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A Dozen Things I’ve Learned About Pain Treating Marines With Chronic Pain

July 11, 2011 | Filed Under: Uncategorized | Comments(0)

Naval Hospital Camp Pendleton/Camp Pendleton, July 11, 2011

As most of my readers know, I’ve been here for almost a year treating Marines who returned from Afghanistan (Operation Enduring Freedom) and Iraq (Operation Iraqi Freedom) with unresolved chronic pain. I do not see post-amputation pain mainly because that’s done elsewhere by specialists in amputation rehab. I see Marines who have pain that is no different than yours and, like you, whose physicians told them, “There’s nothing else our field can offer you.” That way of thinking wasn’t enough for me when I developed 7-8/10 level pain that practically made it impossible for me to go to work.

My goal in this post is to briefly lay out a dozen new things I’ve learned about chronic pain from treating my Marine patients.

1.  “Age” is a relative concept. Chronic pain isn’t caused by age. It’s caused when we purposely or unknowingly exceed the tolerance limits of human physiology. In Afghanistan, under the war conditions created by the Taliban, it takes 20 year-old Americans 7 months – the length of their tour of duty – to exceed the limits of human physiology and come back with chronic pain conditions that it takes the average American living under peacetime conditions until they’re age 45 to develop. If age really were a factor, we’d be no different than birds or fish, where things really do happen because of age. Since we’re one of the most adaptive organisms around it makes sense that it is the quality of the environment that leads us to exceed the tolerance limits of human physiology. That leads me to two thoughts. First, to be meaningful, we need to identify pain patients based on another determinant: their chronological or their physiological age. Take the case of my average Marine infantryman with back and upper and lower-extremity chronic pain. They may have a chronological age of 20, but their physiological age is 45. Then take the case of the Marines that go out on patrol and have a mortar, rocket or IED explode close to them and they develop a Transient Brain Injury (TBI). On their problems concentrating, focusing, and remembering more than past events, their chronological age may be 20, but their physiological is 75, no different than your grandfather with the first signs of Alzheimer’s. Marines with TBI will tend to improve over the next year if they get the right treatment on a consistent basis, where the 75 year-old will not, regardless of treatment or the continuing care they get. But clearly the Marine will not improve if treatment is fragmented, inappropriate or inconsistent. And, more often than not, it is because specialty physicians wind up being transferred elsewhere.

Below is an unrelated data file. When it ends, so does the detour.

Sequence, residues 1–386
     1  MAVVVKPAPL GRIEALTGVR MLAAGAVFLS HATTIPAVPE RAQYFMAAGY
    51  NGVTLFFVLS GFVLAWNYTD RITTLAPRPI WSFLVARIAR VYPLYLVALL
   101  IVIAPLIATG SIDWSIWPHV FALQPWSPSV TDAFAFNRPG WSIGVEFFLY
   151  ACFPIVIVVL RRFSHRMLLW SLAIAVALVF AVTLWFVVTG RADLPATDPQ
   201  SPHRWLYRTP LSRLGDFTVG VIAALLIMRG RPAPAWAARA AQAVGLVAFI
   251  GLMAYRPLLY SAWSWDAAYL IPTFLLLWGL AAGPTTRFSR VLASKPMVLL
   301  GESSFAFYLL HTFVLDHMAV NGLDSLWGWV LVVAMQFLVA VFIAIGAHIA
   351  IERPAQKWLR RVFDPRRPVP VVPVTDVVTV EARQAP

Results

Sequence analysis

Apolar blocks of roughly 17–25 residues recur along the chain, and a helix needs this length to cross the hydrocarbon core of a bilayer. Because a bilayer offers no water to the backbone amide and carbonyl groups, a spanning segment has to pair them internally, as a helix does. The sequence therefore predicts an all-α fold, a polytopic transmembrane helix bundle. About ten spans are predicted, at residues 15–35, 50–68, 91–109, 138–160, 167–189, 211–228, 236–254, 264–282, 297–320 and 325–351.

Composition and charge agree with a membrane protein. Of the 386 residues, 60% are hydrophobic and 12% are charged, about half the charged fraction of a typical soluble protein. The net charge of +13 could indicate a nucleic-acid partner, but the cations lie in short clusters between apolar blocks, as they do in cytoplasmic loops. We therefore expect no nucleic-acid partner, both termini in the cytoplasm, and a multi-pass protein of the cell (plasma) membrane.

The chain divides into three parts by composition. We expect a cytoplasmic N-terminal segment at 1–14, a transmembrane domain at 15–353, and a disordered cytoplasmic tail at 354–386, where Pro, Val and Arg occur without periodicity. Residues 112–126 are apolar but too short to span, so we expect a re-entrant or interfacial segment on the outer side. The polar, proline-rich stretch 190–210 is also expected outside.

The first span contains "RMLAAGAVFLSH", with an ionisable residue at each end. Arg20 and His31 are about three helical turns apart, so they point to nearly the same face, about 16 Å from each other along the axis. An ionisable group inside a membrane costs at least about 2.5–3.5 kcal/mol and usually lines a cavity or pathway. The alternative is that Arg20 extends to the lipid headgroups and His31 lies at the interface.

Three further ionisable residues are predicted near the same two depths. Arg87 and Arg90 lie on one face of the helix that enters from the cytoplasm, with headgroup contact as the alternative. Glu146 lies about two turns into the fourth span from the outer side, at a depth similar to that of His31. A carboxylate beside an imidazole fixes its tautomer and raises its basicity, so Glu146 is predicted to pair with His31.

Final food for thought. Not too long ago fighter pilots began to exceed the tolerance limits of human physiology in flight. The speed of the planes and the speed of the reactions that were needed from fighter pilots exceeded the tolerance limits of human physiology. So we used technology, and today, effective air combat relies on sophisticated computerization to save pilots’ lives. Given what is happening in combat on the ground, isn’t it time to apply technology to the needs of infantrymen on foot patrols and develop the Cyborgs who will save Marine lives?

#2 “In 2011, Does Military Medicine Treat Chronic Pain Any Differently Than Civilian Medicine?”

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